Websites, articles, publications and organizations
The Internet is replete with articles about affirmative action. Here are some articles and websites found to be rich resources. They also mention the names of some stellar researchers on the topic.
The first website is very rich. "The Affirmative Action and Diversity Project: A Web Page for Research." Its table of contents includes the following topics:
- Changing Definitions of Discrimination
- The Economics of Affirmative Action
- Quotas and Proportional Representation
- Recognizing MeritCulture and Affirmative Action
- Individual vs. Group Rights
- Gender Consciousness and Gender Blindness
- Race Blindness and Color Blindness
- Pending State and Federal Legislation
- Pending Court Cases
- Alternatives to Affirmative Action
The Stanford Encyclopedia of Philosophy has a long critical article about affirmative action that goes beyond relating the history of this intervention. http://plato.stanford.edu/entries/affirmative-action/.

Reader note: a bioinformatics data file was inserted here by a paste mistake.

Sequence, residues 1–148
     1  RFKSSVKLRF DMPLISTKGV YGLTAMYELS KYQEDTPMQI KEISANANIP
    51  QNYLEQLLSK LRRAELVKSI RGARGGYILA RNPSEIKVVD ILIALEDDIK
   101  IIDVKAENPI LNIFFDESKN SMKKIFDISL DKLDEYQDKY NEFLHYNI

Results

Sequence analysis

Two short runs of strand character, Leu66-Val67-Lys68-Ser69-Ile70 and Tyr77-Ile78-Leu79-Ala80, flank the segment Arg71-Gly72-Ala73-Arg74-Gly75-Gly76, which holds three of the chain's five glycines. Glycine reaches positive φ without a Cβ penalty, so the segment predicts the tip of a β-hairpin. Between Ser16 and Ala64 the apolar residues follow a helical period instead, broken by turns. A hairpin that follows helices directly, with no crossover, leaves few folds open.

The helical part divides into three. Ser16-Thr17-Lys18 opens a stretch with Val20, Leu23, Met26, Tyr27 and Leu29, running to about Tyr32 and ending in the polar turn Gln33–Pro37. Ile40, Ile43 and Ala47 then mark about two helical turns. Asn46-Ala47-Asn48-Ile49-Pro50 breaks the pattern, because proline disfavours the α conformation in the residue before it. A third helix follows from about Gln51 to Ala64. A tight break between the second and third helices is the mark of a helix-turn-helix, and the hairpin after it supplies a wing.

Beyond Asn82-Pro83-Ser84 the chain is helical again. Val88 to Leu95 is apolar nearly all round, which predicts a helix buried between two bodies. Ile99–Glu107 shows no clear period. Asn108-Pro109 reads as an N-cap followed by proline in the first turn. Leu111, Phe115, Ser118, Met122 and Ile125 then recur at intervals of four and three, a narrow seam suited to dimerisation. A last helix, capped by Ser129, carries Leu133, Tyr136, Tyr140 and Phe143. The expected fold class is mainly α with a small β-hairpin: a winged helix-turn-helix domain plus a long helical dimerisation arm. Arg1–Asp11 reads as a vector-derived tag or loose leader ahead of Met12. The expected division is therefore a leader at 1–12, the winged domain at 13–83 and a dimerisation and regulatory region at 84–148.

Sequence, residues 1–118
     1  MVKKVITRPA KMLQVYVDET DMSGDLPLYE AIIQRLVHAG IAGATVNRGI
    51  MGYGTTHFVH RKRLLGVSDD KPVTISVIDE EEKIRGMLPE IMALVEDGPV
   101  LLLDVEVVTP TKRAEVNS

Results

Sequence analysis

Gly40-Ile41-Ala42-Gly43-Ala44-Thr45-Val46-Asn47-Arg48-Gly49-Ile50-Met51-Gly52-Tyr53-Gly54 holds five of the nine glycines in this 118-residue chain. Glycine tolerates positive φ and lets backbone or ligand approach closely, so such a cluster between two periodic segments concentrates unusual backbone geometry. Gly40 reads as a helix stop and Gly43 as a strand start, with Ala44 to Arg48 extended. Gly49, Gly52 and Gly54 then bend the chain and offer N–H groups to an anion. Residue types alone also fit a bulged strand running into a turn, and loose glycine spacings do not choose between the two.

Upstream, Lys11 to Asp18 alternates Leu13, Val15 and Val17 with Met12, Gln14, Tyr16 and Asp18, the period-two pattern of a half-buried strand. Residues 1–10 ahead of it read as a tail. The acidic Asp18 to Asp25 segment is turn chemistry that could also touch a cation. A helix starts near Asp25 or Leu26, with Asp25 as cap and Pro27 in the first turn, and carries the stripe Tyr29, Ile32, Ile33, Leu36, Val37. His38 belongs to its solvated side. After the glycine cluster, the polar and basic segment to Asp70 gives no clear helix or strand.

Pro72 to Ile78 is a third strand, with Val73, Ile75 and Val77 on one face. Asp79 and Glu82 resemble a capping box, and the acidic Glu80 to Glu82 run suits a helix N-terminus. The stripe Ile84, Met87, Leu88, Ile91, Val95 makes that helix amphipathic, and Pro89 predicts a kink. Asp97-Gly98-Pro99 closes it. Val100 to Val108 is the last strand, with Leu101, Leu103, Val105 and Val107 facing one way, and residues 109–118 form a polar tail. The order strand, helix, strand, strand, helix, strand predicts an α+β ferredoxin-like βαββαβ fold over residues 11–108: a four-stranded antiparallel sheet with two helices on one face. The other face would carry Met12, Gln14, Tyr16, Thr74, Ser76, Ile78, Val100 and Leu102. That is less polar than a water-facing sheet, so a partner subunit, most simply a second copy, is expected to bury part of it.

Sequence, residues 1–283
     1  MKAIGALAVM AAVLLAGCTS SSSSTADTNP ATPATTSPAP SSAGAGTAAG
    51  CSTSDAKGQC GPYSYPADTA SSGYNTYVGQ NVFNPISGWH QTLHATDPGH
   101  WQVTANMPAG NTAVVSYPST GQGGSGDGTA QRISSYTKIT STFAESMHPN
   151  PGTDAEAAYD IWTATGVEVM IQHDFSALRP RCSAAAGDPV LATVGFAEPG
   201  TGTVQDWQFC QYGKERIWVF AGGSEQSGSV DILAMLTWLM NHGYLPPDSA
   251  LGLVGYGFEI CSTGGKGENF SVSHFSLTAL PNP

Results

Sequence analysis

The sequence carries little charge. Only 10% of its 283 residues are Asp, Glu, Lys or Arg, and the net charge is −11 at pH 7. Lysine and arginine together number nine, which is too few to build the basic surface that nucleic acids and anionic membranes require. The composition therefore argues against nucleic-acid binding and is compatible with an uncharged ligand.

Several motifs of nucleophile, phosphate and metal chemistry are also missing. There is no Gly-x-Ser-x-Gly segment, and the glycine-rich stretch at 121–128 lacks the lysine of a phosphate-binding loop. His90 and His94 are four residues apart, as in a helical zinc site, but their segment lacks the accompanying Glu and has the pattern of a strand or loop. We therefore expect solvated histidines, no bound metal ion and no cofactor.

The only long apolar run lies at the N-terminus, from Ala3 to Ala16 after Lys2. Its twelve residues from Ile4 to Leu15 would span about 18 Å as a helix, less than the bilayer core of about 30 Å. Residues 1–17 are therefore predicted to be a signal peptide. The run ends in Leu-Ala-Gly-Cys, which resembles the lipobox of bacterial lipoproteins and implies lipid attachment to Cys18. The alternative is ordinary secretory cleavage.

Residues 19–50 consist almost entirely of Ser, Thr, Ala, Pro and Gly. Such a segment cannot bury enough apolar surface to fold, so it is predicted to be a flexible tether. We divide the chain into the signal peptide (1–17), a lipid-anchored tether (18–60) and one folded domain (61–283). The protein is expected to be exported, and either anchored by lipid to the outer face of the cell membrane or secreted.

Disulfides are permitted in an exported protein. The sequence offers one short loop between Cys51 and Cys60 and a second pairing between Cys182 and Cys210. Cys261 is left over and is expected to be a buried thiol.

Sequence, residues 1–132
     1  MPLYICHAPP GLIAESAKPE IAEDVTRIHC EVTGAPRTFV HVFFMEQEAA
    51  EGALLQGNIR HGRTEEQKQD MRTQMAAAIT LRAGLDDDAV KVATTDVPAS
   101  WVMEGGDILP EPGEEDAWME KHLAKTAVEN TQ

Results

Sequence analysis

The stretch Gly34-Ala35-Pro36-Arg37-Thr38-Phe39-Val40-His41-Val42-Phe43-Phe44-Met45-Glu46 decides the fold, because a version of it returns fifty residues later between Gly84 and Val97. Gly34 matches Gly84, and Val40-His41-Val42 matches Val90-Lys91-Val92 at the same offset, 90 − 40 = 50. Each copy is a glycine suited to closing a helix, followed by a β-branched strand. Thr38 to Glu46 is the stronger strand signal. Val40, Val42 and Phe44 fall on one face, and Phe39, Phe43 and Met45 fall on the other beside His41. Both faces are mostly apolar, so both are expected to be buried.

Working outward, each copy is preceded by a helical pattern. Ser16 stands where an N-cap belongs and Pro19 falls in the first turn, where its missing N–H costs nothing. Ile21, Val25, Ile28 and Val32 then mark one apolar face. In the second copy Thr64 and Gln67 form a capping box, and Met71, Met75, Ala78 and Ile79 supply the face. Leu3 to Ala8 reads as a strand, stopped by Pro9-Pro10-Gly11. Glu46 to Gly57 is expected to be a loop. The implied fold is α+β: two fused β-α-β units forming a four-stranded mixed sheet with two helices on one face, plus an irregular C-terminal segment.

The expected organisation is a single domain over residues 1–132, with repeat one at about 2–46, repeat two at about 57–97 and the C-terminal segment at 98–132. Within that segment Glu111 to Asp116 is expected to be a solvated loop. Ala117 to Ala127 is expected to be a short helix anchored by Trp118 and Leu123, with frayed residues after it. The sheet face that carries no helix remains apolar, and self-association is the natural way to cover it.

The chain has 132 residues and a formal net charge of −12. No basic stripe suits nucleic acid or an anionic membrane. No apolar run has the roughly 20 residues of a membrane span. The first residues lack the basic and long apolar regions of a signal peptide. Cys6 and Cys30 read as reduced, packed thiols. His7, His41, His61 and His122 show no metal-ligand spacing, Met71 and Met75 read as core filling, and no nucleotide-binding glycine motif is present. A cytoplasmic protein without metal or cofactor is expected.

The Department of Labor provides the federal government's account of affirmative action at http://www.dol.gov/dol/topic/hiring/affirmativeact.htm.
Organizations that provide information on affirmative action in higher education include:
* the American Association of University Professors (AAUP) (http://www.aaup.org/aaup/);
* the American Council on Education (ACE) (http://www.acenet.edu//AM/Template.cfm?Section=Home);
* the Association of American Colleges and Universities (AAC&U) (http://www.aacu.org/).
A broader perspective is found at the Civil Rights Project, which used to be at Harvard but is now at UCLA. http://civilrightsproject.ucla.edu/.
Two researchers in particular whose work is helpful:
Carolyn Sotello Viernes Turner Faculty of Color in Academe: Bittersweet Success, written with Samuel L. Myers, Jr.)
Daryl G. Smith, author of Achieving Faculty Diversity: Debunking the Myths, written with Lisa E. Wolf and Bonnie E. Busenberg (This is an AACU publication.)
This website was compiled by Judy Kirmmse, Affirmative Action Officer at Connecticut College, and Yalidy Mercedes Matos '09.